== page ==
How explicit is too explicit for a small town art gallery? Hint: it begins with a V and ends in gina.

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Vankleek Hill has a long history with naked people. Especially in our art.

For the past five years, the Arbor Gallery has exhibited an annual Valentine’s Day show specifically featuring erotic art in something we like to call ‘The Eros Show‘.

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In 2011, for example, we featured three paintings from Edwina Billyk, called “Seated nude male,” “Homo erectus et ludens,” and “Homo erectus”. All three featured realistic nude male figures, on blue backgrounds, lounging around… lets say, very comfortably.

Galleries in Vankleek Hill, including ours, have never shied away from exhibiting nudes, especially during the early years of our famous annual Vankleek Hill May Art Festival. From 1982 until (roughly) 1992, Vankleek Hill’s galleries had many erotic aspects to their shows, including Donald Liardi’s nude sculptures, and Susan Jephcott’s paintings… all of which either involve nudity, or make you feel like you should be naked. John Greewald’s paintings are another example of how accepting gallery visitors have been to exhibiting nudity in our local galleries.

Basically, what I’m trying to say, is there have been no uprisings. I can’t even remember a letter to the editor ever having been written — or, at least, published — regarding anyone’s morals being offended by any art featuring totally exposed, or engorged… pieces.

…of course, maybe the people who might complain just don’t bother showing up (I prefer to think they all just moved away back in 1983 when it became evident our artistic community wasn’t going to stop with the naked stuff).

But this year was different. This year’s Eros Show featured nudes by Erica Taylor — including her ‘Silver Streak Penis Car‘ sculpture, as well as John Greenwald’s work, and Susan Jephcott’s paintings shown openly on our walls. But the photography of newcomer, Roy Whidden, caused Jessica Sarrazin, the Arbor Gallery’s Artistic Director, to rethink some of our policies.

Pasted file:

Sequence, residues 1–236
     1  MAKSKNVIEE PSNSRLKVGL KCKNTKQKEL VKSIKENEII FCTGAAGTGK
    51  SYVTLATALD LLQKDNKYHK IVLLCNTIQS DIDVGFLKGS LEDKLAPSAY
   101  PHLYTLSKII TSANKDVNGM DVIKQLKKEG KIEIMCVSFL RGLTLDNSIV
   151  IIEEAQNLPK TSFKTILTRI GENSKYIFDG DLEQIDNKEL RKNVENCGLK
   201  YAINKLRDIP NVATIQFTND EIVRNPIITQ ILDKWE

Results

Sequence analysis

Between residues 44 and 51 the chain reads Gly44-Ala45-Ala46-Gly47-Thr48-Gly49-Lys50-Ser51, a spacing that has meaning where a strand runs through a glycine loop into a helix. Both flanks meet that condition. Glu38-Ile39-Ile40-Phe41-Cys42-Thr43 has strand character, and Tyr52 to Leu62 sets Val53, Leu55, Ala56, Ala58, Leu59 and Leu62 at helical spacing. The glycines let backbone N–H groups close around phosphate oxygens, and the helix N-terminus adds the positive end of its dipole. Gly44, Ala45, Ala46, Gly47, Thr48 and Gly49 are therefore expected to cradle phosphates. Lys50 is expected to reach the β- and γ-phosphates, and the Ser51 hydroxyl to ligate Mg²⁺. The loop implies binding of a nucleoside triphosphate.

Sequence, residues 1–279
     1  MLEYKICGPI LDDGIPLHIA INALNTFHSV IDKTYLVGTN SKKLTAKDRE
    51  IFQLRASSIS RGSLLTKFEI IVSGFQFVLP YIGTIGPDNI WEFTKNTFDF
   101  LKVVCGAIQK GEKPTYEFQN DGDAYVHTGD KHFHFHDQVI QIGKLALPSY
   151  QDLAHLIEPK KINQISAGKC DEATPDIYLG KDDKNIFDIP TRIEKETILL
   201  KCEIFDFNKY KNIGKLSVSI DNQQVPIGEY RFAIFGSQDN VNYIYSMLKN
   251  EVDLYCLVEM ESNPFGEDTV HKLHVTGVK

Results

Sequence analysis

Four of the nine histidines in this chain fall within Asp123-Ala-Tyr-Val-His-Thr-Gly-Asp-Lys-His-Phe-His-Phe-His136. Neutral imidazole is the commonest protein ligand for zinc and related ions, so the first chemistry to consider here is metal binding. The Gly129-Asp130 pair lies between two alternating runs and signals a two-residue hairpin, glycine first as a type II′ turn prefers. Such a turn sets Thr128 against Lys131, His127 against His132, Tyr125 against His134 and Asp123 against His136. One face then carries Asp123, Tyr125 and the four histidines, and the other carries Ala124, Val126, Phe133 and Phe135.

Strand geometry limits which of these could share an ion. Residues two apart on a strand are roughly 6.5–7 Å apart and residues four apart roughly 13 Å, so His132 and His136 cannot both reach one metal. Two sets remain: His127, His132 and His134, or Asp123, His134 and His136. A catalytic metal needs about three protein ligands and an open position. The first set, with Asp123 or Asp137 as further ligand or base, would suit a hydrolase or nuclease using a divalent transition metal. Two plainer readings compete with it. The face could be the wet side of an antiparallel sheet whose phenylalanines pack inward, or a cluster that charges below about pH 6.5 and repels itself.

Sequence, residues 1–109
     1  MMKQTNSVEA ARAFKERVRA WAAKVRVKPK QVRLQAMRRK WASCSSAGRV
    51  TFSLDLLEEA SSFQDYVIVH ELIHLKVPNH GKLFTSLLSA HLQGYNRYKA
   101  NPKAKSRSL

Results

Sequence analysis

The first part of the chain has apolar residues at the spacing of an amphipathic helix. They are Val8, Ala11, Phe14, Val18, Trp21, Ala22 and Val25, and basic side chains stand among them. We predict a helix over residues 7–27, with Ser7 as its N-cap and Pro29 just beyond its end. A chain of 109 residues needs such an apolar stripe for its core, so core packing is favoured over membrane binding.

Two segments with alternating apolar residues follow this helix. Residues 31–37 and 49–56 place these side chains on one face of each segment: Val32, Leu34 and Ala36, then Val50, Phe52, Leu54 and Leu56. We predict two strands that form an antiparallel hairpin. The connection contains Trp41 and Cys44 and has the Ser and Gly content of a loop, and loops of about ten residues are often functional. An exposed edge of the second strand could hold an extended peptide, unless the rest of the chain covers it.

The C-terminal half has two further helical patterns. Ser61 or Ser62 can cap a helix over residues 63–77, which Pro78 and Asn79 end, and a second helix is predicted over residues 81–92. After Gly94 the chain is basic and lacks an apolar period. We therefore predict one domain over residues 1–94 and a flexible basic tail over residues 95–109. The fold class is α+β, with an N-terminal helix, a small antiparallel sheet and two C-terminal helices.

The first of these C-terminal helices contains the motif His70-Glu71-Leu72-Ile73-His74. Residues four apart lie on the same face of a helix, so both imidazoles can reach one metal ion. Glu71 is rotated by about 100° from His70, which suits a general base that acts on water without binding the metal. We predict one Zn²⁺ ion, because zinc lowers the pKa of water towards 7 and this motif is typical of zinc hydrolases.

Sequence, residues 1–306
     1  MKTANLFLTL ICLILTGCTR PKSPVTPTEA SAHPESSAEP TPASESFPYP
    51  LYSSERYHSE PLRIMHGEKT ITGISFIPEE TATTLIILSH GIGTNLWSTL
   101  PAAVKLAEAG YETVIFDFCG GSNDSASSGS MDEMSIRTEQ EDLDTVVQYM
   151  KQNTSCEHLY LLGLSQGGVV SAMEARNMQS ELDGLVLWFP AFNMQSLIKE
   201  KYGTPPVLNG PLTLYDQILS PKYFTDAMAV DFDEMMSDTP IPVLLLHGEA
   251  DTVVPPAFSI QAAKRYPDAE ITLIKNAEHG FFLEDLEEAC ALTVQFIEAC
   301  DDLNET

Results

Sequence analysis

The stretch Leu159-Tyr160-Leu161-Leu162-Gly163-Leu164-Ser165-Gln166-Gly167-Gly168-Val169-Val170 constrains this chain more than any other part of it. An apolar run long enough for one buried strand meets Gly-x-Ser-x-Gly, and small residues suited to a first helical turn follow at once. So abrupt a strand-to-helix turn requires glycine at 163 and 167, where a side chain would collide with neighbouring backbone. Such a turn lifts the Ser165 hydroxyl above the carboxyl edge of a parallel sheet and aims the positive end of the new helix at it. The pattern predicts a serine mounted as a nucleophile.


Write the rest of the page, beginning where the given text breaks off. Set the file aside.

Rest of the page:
Most of Roy’s photos chosen for exhibition at this years were back lit black & white nudes of a woman’s lower torso. But three of his works caused Jessica some apprehension about displaying them in their full glory.

Jessica’s position with the Gallery allows her to chose which shows go ahead, and she has the final decision on what gets displayed. But, for Roy’s work, she asked the Arbor Gallery’s Board of Directors for their comments and opinions:

“I think [Roy’s] work is strong and interesting. It’s formally very accomplished but it’s also much more explicit than anything I’ve ever shown at Eros. Even more than the paintings I’ve shown by Edwina Billyk. In a way, it was only a matter of time before I received a submission like this.”

She went on to make a few points in favour of showing Roy’s work:

I think there should be some room in this show for images that make you feel uncomfortable, which is what these images do to me.

I don’t want to say that Vankleek Hill can’t handle these images. Declining to show them… [would] feel like we’d be going backwards. If they were violent, misogynist or offensive in another way, I’d decline. But I feel that they are graphically strong images, made by someone who really knows his technique and is pushing the limits of his work.

The Board’s response was fairly unanimous:

“…the use of light and the very unusual, intimate look at the female body, nothing violent or shocking, very little eroticism, almost abstract and minimal. It would be interesting if we get more comments than usual and see how people react to the fact that they had a choice to use this technology to view the work, and see how they react to the artistic merit of the images. After all provocative images in the art world will cause reactions and could open up doors to more creative and bold initiatives, otherwise things get stale and don’t lead to the advancement of Art.”